Mark Morris’ “Look of Love” at TPAC

On June 28th and 29th, as part of their 2024 Dance Series, the Tennessee Performing Arts Center hosted the Mark Morris Dance Group for a performance of the Look of Love, a collection of choreographies by MMDG Artistic Director Mark Morris set to a jukebox collection of popular songs written by Burt Bacharach.  The evening was saccharine, delightfully escapist, and featured wonderful performances of well-known tunes from a half century into the past.

Burt Bacharach was a hugely popular songwriter in the sixties, collaborating with lyricist Hal David to write hits that would be covered by over 1,000 artists who were a “who’s who” of mainstream popular music in the mid-sixties—B.J. Thomas, Dusty Springfield, Tom Jones, Dionne Warwick and many others. The music, typically described as the “Bacharach Sound” features intricately composed songs marked by frequently changing meters and surprising modulations coupled with irregular phrasing and novel instrumentation all packaged with a gentle female voice, innocent lyrics and a transparently clean production. In the age of Jimmy Hendrix, the Doors, and Deep Purple, the Bacharach sound was the mainstream antithesis of the era’s rock and psychedelic music.

The Look of Love Studio Shoot (Photo Christopher Duggan)

Morris’ choreographies emphasized this seeming tension between appearance and structure with dances that appeared as simple expressions of the lyrics (when the song’s text mentions “pneumonia” the dancer pretends to sneeze, “I’ll Never Fall in Love Again”) while they were quite technically difficult—the seemingly random but carefully plotted avoidance of the rain in “Raindrops Keep Falling on My Head” and the constant marching in line around the stage without acknowledging each other in “Walk on By” were simple expressions that required needlepoint precision to pull off.

The dancers, all with remarkable posture and uplifting charisma, seemed to embody the limitless positivity of the evening. When they were dancing, the modernist style complemented by traditional techniques proved to be a slightly off-putting vehicle for constant positivity. My exposure to modern dance in Nashville is very often depicted within a social/political context with an intent for addressing a social wrong or challenge. This is a purpose that links Modern Dance to its origins. (I’m thinking here of recent productions by Oona Doherty, Fall, Alvin Ailey or even the Nashville Ballet). Further, the style’s emphasis, as the Oxford Encyclopedia’s article on the term describes it, is on “avoiding prettiness,” and seeking “…to discover the impact of emotion on the human body—ugly though the result may be.” This emphasis when aping lovelorn lamentation created a kind of dissonance in exaggerated expression onstage.

Other moments, especially in the lyric mimicry, were problematic. For example, when Dallas McMurray, whose technique was impeccable throughout the evening, lip-synced the words of “Message to Michael” as if he was in a classroom or lecture (or in a café somewhere) it was obvious and unnecessary. On the other hand, some of the weird worked wonderfully. The ensemble’s performance of the amorphous and delightful choreography to The Blob” was stellar, complemented by Nicole Pearce’s lighting working with Isaac Mizrahi’s costumes to create a seemingly radioactive dance troupe. (Here for a moment or two I imagined that Morris was describing the creeping fear and division that has been spreading throughout society in recent years.  It’s worth noting that I was doing all of this interpretive work and forcing this meaning—nothing onstage supported this reading.)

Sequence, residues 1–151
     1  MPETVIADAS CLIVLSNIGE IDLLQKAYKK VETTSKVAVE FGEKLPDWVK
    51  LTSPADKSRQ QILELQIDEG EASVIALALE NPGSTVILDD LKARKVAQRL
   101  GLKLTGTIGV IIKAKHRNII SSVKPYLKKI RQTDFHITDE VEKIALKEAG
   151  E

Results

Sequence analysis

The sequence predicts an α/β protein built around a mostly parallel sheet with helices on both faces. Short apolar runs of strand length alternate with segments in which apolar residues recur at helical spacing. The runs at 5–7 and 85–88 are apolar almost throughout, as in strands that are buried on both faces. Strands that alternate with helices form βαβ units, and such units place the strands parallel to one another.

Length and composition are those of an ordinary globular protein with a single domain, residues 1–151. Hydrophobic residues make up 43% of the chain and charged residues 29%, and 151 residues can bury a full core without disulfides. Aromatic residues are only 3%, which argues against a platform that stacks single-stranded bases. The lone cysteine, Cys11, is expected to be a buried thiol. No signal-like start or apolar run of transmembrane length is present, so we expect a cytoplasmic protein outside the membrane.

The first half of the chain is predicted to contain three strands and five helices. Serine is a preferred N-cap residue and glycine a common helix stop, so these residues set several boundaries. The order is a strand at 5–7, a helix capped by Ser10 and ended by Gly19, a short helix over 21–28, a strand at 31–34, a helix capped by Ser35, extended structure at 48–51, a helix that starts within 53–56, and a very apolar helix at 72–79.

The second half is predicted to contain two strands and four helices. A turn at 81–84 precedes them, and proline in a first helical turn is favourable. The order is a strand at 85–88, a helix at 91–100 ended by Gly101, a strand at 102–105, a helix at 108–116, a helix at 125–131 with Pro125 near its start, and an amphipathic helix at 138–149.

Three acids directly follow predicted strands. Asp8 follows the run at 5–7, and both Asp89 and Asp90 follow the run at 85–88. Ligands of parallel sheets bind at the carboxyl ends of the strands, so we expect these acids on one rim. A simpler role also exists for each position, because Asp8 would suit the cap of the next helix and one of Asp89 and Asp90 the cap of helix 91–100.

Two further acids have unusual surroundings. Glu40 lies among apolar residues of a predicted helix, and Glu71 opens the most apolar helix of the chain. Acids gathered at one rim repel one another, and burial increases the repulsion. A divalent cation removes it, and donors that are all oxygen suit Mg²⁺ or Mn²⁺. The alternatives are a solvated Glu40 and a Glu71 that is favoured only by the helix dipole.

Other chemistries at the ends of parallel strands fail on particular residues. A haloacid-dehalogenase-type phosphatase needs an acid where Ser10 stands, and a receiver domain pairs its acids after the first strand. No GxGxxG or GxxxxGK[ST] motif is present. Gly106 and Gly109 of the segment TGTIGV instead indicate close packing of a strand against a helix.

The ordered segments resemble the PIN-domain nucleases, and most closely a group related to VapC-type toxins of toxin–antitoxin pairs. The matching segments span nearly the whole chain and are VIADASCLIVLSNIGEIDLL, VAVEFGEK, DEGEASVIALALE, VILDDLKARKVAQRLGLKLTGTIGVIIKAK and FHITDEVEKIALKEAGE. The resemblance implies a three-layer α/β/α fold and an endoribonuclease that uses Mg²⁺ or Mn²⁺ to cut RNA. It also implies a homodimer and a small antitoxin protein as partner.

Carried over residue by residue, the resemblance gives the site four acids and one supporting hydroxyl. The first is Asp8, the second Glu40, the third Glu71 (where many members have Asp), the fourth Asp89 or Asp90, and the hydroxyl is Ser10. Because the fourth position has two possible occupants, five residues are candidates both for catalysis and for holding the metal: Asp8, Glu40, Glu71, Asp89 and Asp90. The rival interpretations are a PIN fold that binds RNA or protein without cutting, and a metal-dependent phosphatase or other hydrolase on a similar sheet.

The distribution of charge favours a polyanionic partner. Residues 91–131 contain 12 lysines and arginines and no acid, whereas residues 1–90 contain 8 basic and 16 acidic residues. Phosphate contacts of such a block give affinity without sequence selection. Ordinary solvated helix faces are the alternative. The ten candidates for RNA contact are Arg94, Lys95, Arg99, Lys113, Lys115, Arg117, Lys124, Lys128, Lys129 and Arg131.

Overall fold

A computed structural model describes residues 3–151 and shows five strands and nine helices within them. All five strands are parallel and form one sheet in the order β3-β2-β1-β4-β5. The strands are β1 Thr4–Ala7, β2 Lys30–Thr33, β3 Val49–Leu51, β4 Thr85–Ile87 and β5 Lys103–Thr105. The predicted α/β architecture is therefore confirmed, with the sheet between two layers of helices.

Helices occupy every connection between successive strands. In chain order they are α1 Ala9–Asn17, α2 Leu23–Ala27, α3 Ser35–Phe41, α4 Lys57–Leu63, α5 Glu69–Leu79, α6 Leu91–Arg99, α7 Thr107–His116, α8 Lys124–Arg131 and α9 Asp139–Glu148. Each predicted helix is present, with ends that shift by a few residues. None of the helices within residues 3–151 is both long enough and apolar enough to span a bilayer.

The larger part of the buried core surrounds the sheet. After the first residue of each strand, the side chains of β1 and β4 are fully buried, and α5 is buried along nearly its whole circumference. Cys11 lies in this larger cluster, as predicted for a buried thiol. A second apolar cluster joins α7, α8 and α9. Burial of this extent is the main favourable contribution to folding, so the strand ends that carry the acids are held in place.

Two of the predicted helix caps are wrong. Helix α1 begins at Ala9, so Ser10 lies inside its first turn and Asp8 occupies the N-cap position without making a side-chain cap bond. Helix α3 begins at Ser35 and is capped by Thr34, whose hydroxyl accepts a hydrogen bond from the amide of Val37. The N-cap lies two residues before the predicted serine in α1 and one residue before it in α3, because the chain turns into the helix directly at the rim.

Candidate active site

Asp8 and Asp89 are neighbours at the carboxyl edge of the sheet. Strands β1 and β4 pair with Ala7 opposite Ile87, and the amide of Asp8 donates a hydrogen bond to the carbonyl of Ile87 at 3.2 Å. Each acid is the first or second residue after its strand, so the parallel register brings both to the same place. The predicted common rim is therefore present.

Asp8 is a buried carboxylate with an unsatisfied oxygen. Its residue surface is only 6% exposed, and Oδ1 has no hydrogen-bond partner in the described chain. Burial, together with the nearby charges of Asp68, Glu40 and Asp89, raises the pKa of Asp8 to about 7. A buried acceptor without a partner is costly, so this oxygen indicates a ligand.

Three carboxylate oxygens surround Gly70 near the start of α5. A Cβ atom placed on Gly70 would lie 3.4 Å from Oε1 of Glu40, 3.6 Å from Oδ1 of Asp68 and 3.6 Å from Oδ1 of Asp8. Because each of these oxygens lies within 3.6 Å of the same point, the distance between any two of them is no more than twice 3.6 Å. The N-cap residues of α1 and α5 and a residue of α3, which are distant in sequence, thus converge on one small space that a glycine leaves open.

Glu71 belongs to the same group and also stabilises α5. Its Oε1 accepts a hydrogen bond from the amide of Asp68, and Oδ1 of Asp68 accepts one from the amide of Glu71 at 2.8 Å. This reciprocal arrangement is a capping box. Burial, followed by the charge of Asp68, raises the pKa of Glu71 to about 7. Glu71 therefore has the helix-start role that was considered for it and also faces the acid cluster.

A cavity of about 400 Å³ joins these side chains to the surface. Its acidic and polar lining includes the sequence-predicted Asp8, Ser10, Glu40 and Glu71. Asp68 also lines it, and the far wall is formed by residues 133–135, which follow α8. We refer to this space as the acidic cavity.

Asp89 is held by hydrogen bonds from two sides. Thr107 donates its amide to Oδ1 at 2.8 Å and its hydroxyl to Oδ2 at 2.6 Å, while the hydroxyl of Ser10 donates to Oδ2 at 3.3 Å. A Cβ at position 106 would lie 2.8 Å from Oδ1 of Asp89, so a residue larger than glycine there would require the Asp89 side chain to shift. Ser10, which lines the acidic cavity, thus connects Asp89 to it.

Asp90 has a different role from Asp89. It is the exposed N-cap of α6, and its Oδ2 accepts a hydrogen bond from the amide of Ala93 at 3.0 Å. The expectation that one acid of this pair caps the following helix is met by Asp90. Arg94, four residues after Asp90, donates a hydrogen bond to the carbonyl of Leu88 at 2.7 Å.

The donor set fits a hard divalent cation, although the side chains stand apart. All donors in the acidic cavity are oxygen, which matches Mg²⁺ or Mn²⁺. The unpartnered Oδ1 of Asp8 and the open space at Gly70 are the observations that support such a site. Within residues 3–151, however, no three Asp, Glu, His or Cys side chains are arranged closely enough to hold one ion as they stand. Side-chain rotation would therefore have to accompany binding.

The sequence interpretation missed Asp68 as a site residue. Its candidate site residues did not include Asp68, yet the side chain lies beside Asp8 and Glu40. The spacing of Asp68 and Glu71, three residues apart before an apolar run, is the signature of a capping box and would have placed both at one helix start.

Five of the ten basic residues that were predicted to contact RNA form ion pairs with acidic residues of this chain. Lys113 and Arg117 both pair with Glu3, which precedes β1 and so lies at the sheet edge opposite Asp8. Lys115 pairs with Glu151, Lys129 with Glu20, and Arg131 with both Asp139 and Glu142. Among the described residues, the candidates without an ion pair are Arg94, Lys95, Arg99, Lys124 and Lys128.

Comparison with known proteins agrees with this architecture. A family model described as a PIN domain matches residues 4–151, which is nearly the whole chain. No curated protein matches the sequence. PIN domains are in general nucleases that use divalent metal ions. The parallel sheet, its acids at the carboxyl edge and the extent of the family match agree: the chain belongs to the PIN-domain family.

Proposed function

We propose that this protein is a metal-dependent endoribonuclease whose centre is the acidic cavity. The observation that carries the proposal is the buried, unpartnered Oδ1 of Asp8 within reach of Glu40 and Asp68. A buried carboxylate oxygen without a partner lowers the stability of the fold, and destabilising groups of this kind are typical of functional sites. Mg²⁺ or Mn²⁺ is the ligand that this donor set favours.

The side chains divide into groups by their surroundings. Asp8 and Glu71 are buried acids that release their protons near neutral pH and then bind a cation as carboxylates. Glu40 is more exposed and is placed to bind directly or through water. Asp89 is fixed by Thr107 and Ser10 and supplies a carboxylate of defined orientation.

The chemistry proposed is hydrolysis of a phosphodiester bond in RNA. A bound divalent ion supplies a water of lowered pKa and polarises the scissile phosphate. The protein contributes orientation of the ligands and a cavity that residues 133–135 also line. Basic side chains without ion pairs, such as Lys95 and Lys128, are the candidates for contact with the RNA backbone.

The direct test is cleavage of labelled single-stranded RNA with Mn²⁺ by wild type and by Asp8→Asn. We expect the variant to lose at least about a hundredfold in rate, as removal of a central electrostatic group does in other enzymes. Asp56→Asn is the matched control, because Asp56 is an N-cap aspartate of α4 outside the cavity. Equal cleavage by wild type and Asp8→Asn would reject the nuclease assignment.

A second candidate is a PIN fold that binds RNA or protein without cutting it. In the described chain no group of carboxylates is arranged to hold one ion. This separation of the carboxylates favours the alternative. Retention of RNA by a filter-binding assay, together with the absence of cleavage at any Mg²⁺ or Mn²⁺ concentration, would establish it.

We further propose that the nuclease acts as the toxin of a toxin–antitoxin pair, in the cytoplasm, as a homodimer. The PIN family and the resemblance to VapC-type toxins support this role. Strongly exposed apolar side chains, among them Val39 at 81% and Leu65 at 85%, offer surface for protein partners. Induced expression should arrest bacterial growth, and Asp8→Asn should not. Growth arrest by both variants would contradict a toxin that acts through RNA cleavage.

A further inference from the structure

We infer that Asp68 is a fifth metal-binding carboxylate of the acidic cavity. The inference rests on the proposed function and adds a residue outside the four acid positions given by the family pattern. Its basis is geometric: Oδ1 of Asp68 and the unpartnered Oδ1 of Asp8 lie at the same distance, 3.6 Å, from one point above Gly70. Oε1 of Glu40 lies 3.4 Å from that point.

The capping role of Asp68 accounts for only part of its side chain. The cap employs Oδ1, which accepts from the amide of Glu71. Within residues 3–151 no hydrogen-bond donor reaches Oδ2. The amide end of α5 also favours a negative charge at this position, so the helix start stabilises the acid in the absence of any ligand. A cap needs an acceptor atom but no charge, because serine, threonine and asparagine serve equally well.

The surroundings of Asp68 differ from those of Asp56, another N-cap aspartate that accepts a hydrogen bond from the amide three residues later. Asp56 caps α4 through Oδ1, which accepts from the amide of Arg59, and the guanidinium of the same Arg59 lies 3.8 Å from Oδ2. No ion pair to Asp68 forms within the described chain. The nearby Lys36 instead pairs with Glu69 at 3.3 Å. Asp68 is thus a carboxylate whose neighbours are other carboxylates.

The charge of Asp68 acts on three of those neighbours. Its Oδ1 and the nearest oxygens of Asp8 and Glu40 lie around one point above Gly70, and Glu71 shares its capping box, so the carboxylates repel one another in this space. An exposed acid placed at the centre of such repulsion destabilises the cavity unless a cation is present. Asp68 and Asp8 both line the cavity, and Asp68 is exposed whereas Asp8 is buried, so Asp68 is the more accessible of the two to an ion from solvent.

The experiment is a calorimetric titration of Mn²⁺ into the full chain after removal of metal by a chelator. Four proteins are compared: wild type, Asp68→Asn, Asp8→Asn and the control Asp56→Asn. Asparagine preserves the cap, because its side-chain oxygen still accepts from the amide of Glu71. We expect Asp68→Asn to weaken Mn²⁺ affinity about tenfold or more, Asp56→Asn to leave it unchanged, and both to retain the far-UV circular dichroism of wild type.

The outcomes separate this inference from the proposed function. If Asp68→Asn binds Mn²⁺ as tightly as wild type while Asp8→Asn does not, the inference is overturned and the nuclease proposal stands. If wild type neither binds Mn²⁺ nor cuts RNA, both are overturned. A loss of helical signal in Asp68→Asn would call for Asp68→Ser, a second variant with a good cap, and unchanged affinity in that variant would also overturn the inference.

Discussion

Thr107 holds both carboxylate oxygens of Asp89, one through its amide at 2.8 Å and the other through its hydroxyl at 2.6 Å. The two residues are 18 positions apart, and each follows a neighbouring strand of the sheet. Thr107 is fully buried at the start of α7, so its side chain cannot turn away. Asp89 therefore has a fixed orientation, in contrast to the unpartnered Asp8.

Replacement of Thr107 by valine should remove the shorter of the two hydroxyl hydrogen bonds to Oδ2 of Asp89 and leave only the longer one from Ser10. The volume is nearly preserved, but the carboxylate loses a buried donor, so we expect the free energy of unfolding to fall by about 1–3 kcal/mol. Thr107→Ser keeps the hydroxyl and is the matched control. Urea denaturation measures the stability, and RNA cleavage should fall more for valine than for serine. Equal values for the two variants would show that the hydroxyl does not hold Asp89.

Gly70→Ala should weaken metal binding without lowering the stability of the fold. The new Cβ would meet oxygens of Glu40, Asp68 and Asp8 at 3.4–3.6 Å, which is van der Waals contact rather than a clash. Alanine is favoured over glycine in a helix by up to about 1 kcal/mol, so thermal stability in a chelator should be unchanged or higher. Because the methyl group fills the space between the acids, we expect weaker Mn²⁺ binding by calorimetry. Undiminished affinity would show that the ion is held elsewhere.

Karlie Budge’s Costume Fitting (Photo: Nancy Umanoff)

Mizrahi’s costumes, a non-binary collection of what seemed to be vintage space uniforms (think early Star Trek or Lost in Space) but colored like a variety pack of Kool-Aid flavors exemplified the bright positivity.

Again, the dancers themselves were wonderful. Special mention for charisma goes to Mica Bernas,  Brandon Randolph and Christina Sahaida while Tennessee’s own Karlie Budge stood out with outstanding poise throughout the evening

The musical performance, like the danced performance, was astonishing. Marcy Harriell’s program biography emphasizes her “ability to passionately embrace diverse vocal styles” but her performance channeled Dionne Warwick in an excellent way. Clinton Curtis and Blaire Reinhard supported her in the background well too, especially at the moments of imitative counterpoint. Trumpeter Jonathan Finlayson deserves special mention for a wonderful tone with precise intonation.

At the end of the evening, thinking back to the evening’s performance of “Do You Know the Way to San Jose” made me remember when Jonathan Larson, in his “Santa Fe” from Rent, gently chided Bacharach’s confection. At the end of a song dreaming of abandoning artistic values and devoting work to “projects that sell,” Larson borrows Bacharach’s melody to have his Professor Tom Collins sing “Do you know the way to Santa Fe?” This criticism remains relevant—Bacharach’s (and Morris’) projects are projects that sell.

The Look of Love was written in a universe where the worst that can happen is your love is unrequited, and the best that can happen is a sunny day. In this way, Morris was remarkably dedicated and successful in visualizing “the Bacharach Sound.”  While watching this a day after the most troubling Presidential debates in modern history provided a nice escape, it was no more than a trifle in too large of a serving–I think that dance can, and should, be more important than this.

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